10 Things Fiction Writers Need to Remember About Disability (1-5)
|1. Disabled characters can be at the centre of stories which aren't all about disability.|
I made a very similar point in my 10 Things...About Sexuality only it is even rarer to read stories with disabled protagonists which aren't all about disability. This despite the fact that there are so few good stories all about disability. In fact, I'm not sure I can think of any good stories where disability is the main event, although there are a fair number of rubbish stories which use disability as a grand metaphor, either for the challenges of life, or else mortality and the fragility of all things. Funnily enough, there's nothing metaphorical about our lives.
Disabled characters can be at the centre of brilliant stories because disabled characters are people. It's a matter of Why not? There are stories where the protagonist couldn't be a wheelchair user, or has to be a fluent reader, or has to great in social situations, or has to be in good physical health. But there aren't many stories which require a protagonist to be non-disabled. I'm not suggesting that writers should ever consider a character and think, "Would this still work if we gave this guy a limp?" Over the last fifty years we've seen a massive shift in writers of film especially, but also books, no longer assuming a protagonist has to be a straight white man (although in films and many genres of literature, most of them still are). We simply need to add non-disabled to the trashcan of default settings that need not apply.
Consider the history of detective fiction. If you think about all the fictional detectives from Sherlock Holmes, through Miss Marple, Lord Peter Wimsey, Philip Marlow, Maigret, Falco, Inspector Morse, Columbo, Adam Dalgleish, Cadfael, Rebus, Wallander, back round to Sherlock again, and the hundreds of others - I could probably name a hundred fictional detectives myself and this is by no means a specialist subject of mine. I can think of two disabled detectives; Ironside and Saga Norén from The Bridge, who has Asperger's (some people argue Holmes has Asperger's, but only the sort of people who think a logical mind minus a complicated love life equals a diagnosis). There are almost certainly more, but why aren't there a dozen? The role of the detective lends itself perfectly well to a person in middle-age, who has lived a little, and maybe got sick or injured or traumatised in the process, or fought their way through in the face of some impairment which caused others to doubt them. A bit of an outsider looking in. Maybe someone with time on their hands. Someone who, like Miss Marple, Lord Peter Wimsey, Cadfael and others, is mistakenly presumed to be harmless and so allowed to observe people with their guard down. That's us.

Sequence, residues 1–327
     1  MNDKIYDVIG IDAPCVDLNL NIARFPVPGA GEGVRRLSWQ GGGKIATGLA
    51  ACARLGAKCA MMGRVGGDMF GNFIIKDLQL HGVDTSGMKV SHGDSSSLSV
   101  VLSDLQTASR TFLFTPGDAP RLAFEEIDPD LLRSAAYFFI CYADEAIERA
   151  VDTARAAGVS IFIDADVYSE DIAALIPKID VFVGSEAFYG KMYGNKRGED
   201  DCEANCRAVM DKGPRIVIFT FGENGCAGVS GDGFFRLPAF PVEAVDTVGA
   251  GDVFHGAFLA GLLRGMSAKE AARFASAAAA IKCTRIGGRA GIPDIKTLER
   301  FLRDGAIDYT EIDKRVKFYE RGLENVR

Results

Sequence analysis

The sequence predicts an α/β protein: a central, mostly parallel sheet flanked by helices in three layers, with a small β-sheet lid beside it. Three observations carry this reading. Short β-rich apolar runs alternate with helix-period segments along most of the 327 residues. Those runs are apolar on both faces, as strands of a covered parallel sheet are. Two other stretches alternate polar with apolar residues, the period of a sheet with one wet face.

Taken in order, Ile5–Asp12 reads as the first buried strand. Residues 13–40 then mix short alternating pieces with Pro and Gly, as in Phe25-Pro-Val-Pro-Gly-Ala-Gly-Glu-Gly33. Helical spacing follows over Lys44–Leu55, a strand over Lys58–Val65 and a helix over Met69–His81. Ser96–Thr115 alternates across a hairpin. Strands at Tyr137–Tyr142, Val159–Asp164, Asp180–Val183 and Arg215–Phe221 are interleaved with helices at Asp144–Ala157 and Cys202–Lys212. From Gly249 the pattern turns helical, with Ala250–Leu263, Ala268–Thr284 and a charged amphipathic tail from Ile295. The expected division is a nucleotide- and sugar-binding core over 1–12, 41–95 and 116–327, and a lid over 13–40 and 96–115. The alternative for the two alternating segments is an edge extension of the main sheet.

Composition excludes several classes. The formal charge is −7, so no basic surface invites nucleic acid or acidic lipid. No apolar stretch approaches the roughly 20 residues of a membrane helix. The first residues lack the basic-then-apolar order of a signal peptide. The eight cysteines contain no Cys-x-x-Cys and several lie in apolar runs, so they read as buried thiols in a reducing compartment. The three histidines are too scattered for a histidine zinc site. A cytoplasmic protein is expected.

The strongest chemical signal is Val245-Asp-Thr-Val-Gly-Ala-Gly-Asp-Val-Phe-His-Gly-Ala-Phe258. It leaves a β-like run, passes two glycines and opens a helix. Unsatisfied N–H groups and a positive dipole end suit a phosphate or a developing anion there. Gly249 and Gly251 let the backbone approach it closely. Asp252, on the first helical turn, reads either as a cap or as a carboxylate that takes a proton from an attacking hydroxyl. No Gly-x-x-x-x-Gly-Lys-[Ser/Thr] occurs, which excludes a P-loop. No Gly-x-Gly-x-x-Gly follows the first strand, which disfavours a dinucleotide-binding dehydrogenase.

And, after all
2. Disability can be part of the plot of great stories.
There's no argument that disability can't be part of the plot of really good stories which aren't all about disability. Rear Window is a smashing story about a man stuck in one place (although in the 1954 original, James Stewart's character had only broken his leg, there was a later version starring the quadriplegic Christopher Reeve). One Flew Over The Cuckoo's Nest is about the mechanics of oppression. Skallagrigg and to a far more tedious extent Avatar are about the transcendence of physical limitations through technology. Covering several decades in the life of his protagonist, Ira Socol's novel The Drool Room marries this and the above point together; the significance, sometimes dominance of disability over the narrator's life and therefore the story ebbs and flows. Which is how it often is.